Give Me a Minute idea in use in commercial AAC software

To understand this post, please read the first couple of paragraphs of my give-me-a-minute project page.

The idea presented in give-me-a-minute looks to be making it into commerical AAC products. I don’t pretend that my project influenced this development. Be nice to think it did though… I’ll come back to reality now.

One implementation is as ‘partner windows’ where the text being composed on an AAC display is mirrored to a second screen that faces away from the person composing the test. A pattern that indicates that text is being composed can be displayed instead. This can be easily seen by somebody facing the composer. The partner windows are incorporated in some of the I-series AAC devices made by Tobii Dynavox.

When I presented Give Me a Minue at Communication Matters in 2019, the father of somebody who uses AAC approached me with a concern over the idea. His son sometimes wants to compose private text and not to have anybody else know that he is doing this. Having the text replicated completely removes this privacy. Having a pattern indicating that the device is in use, but not giving away the content, is a step to preserving privacy. Give Me a Minute displays a pattern. The I-series has an option to display a pattern of bouncing dots instead of text. In both cases some privacy is maintained until the final text is delivered as speech. However, even having this pattern on the display gives away some privacy. The father of the AAC user who talked to me indicated that he would want to be able to turn the feature on and off easily.

As I have no access to the AAC software, I don’t have the ability to add this extra feature to Give Me a Minute. The instructions for the partner window software on the I-series is here. It looks like the only way to turn the indicator window on or off is to go through the settings menu.

The Twitter feed where I learned of these developments is here: My contributions are under the name ‘Oppy’.

Therapy Box plan to incorporate their idea in the next release of their predictable AAC software.

Using the microbit to control switch access software

What is switch access software

Many disabled people use specialist software to create speech or to interact with the environment (e.g. turn on lights). Some are unable to use keyboards or mice to operate this software, so use a variety of ‘switches’, such as push buttons. These buttons act like keys on a keyboard, or pretend to be a mouse click.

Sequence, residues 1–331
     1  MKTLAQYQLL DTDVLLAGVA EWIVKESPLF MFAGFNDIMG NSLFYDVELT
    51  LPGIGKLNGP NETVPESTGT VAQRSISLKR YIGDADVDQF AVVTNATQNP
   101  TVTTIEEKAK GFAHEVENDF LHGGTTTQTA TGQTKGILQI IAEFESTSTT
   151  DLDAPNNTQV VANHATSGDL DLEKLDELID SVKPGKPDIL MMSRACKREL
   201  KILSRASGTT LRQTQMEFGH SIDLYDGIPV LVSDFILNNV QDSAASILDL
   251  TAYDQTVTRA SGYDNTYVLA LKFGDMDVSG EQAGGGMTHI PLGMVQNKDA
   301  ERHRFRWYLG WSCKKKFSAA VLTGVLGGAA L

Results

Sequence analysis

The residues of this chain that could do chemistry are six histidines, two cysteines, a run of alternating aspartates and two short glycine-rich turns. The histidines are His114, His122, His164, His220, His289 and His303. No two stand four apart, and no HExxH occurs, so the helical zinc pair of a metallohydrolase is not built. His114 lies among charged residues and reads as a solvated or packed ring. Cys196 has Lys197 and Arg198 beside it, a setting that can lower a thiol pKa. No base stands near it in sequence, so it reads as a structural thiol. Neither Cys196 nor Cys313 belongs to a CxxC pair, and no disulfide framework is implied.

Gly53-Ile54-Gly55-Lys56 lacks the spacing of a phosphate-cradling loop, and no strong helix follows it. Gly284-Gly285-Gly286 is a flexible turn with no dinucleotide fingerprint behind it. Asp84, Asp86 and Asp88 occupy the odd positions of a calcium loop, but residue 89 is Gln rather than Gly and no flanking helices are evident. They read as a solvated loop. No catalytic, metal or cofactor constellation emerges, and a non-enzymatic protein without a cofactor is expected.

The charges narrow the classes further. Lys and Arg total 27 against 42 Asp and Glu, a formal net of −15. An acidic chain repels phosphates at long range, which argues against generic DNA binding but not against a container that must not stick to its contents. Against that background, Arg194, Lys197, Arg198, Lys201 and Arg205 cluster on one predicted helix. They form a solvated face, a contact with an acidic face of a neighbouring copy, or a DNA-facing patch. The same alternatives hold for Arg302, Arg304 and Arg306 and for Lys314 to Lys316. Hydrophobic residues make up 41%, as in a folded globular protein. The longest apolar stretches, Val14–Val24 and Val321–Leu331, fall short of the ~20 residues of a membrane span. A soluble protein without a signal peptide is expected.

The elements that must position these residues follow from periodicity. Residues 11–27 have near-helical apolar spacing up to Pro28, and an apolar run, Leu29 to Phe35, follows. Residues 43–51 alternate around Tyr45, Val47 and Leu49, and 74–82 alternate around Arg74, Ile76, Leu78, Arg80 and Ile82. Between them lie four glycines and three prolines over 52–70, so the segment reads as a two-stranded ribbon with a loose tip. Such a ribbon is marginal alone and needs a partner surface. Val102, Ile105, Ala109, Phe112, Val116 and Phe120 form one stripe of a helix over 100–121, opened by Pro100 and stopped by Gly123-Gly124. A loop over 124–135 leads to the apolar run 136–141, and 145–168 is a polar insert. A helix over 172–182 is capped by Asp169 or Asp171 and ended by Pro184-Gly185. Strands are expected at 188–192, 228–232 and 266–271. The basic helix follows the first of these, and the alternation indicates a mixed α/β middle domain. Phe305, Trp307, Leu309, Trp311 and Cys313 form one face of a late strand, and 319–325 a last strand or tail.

I took some hand held video of a switchable software package which enables speech to be created. The software is called Liberator. A big red button was configured as the switch controller. When the button is pressed, a row is highlighted. The highlighted row scans down. A second click selects a row. The software now scans across the single cells in the selected row. A third click now selects that cell and the text for that cell appears in the speech window. Sometimes a cell will lead to a new grid. Once the speech text is composed, a cell can be selected for the text to be sent to a speaker. I tried this out at the Communication Matters conference in Leeds.

Trying out the Linberator switch access software at the Communication Matters Conference.

Wikipedia has a page (of course) explaining what an assistive technology (AT) switch is here. Copying the one line summary at the start of that page: “A switch is an assistive technology device that replaces the need to use a computer keyboard or a mouse.”

The system we developed allows the BBC microbit to pretend to be an AT switch, so that movement sensor devices I make using the microbit can be used to control switch accessible communication software. For instance, Grid 3 by Smartbox.

The picture below shows a typical button switch and a Joybox switch to USB adapter. The adapter enables the button switch to be connected to a USB port. This allows the button to act as if a key is pressed on a keyboard. This simulated keyboard key press then controls software, to e.g. create speech. The standard connector for a switch is the venerable 3.5mm audio plug. The 3.5mm plug is on the end of the cable attached to the button switch. A 3.5mm socket is attached to the USB to switch converter.